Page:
• Never Give Up! Part One

    Date: 2004.08.01 | Category: Hand Of The Week | By: Phil Hellmuth   

    While playing in the Bellagio’s Five-Star World Poker Classic’s $1,000 buy-in Pot Limit Hold’em tournament, the following series of events unfolded; including part-two of this article, in which I make one of the stupidest moves I have ever made in a poker game! This article shows that you can never give up in a poker tournament.

    Two off of the button, with the blinds at $100-$200, I opened the pot for $600 of my remaining $900, with K-9. Max Stearn, holding 10-10, just called in the small blind, because he was afraid to re-raise and possibly run into a big hand in the big blind. I don’t blame Max for just calling at this point in the hand; after all it looks like he’s going to get my last $300 in any case.

    With a flop of A-10-8, Max checked, and then I checked. By the way, if he bet my last $300 here on the flop, then I would have called fairly quickly because of the pot odds-after all he may have a small pair here as well. The fourth card made Max four tens, and he checked. At this point, I’m folding my hand for a $300 bet. Also, I’m folding no matter what hits on the last card-although a K would have tempted me to call. The last card was a 3, and now Max bet my last $300, and I folded quickly.

    With $300 left, I folded my next two hands, and shut my eyes to maintain my focus-I was upset that I was going to be eliminated. However, if I was going down-and with $300 left it sure looked like I was going down–then at least I would give myself a chance and go down calmly. Under the gun, I moved all-in with Ac-10c, and was called by the button and the big blind. I scooped the $1,000 pot when the board came down A-K-Q-5-7. In the big blind, I folded Ac-4c for a $400 raise. (Again, I wanted to give myself the best-possible chance to double up, and A-4 isn’t it!) Next hand while in the small blind, Kenny “Skyhawk” Flaton-a great player, but an even greater guy-raised two off of the button with 7-7, and I moved all-in for $800 total with As-Qs. When a Q hit the board, I won the $1,800 pot.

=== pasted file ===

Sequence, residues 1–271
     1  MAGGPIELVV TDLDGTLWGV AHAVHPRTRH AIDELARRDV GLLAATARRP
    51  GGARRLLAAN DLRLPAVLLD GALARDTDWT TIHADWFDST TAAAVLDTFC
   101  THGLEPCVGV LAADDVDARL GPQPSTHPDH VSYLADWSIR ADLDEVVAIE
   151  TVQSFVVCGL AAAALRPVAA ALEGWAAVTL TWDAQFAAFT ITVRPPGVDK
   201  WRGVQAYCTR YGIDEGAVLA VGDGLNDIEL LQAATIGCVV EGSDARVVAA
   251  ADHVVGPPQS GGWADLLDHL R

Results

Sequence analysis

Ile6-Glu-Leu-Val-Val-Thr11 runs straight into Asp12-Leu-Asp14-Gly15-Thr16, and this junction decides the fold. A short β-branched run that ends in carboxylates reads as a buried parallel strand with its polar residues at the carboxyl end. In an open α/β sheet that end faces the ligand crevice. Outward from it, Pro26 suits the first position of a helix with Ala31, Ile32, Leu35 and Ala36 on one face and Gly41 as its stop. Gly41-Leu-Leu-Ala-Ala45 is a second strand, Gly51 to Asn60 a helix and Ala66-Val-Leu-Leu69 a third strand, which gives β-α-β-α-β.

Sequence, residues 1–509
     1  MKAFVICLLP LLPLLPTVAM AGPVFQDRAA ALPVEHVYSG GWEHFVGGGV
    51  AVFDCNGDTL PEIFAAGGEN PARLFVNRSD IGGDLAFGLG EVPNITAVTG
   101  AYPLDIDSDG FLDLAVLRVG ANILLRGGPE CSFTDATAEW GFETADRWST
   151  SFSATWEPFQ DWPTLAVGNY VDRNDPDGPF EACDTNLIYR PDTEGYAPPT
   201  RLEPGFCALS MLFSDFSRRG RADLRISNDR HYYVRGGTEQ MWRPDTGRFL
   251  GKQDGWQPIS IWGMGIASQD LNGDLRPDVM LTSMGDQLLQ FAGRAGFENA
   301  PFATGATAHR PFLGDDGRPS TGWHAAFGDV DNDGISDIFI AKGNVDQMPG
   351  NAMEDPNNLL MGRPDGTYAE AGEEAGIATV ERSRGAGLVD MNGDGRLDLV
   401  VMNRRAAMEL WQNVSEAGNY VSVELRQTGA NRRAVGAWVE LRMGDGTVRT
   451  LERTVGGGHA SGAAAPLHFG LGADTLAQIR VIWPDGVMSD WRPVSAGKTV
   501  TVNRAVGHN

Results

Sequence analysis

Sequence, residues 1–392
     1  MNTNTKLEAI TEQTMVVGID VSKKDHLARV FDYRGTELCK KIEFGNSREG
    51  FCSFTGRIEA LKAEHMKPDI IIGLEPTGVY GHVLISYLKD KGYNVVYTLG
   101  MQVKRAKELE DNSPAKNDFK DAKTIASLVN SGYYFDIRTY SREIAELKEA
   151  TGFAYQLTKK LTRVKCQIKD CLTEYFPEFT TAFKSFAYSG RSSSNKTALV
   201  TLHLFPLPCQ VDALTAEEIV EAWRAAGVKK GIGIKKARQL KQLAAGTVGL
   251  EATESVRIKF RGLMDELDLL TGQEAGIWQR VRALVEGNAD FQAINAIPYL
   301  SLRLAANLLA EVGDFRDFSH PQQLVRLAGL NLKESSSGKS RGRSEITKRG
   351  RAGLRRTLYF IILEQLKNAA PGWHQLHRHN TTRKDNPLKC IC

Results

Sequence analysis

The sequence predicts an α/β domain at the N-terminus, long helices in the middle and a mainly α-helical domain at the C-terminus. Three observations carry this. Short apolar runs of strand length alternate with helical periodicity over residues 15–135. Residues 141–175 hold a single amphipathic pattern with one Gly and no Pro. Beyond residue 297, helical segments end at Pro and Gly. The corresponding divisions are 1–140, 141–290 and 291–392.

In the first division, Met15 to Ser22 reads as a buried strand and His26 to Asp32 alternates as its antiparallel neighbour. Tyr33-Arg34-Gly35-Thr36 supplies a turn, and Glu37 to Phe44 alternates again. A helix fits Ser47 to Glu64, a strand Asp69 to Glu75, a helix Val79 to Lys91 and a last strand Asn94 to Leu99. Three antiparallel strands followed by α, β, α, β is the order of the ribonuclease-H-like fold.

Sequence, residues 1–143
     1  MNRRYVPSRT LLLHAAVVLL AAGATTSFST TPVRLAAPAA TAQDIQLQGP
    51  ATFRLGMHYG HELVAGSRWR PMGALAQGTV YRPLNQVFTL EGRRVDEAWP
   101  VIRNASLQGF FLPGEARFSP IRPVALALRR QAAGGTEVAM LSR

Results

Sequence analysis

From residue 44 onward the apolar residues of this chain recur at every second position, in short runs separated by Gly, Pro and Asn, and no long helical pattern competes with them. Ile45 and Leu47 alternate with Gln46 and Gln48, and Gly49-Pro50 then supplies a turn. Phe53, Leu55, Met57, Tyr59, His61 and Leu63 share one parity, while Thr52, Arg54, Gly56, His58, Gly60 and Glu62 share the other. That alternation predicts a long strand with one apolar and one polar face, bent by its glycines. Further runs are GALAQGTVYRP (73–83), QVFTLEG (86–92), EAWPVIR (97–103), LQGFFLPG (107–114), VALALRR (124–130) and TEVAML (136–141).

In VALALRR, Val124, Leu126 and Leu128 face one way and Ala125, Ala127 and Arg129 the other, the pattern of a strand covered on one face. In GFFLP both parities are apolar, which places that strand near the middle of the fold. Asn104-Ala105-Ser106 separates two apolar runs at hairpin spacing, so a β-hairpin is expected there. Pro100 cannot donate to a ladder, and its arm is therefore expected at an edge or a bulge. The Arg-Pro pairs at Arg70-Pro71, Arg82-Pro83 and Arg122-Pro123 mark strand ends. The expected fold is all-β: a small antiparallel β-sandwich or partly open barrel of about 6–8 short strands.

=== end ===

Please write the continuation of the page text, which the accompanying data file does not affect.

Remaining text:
Next hand, on the button I picked up Q-Q, and raised one player that had called the $200 bet. Everyone folded, and now I had $2,300. The very next hand I picked up J-J, and I moved all-in when someone else opened with A-Q. The A-Q called me, and my J-J won the $4,900 pot. Three hands later, I was under the gun again, this time with A-A. I opened for $600, and Skyhawk raised me $2,400 more from the small blind. I moved all-in, and Skyhawk quickly called and flipped up Q-Q. My A-A held up, and now I had exactly $10,000!

    I had started the round with $300, and ended it with $10,000! Wow! “OK,” I thought, “I must not lose a big pot, as often times I do when I make a big comeback like this.” But no, I couldn’t help what happened next; although I should have been able too! I raised it up with 9-9, and was called by A-A (smooth calling with A-A can be very dangerous!). After a flop of 4-6-8, I bet out and was raised. I didn’t know my opponent from Adam, and I decided that he probably had A-8, and I moved him all-in. Knowing your opponent can make all of the difference in the world in a situation like this–after playing with him the rest of the day, I will fold in the same situation next time. But alas, he called, and his hand held up, and now I was down to about $3,000 again.

    After being down to $300, $3,000 seemed like a lot of chips to me, and I felt confident that I would run it up again. I fought and fought and fought, and by the time we reached the final table, I had the chip lead with over $60,000. This ends part-one of this article, part-two will detail one of the worst plays I have ever made in my life, as well as what happened at this particular final table with Howard Lederer, Jeff Shulman, and Daniel Negreanu.

    I hope that everyone enjoyed this weeks Hand of the Week. Good luck playing your hands this week.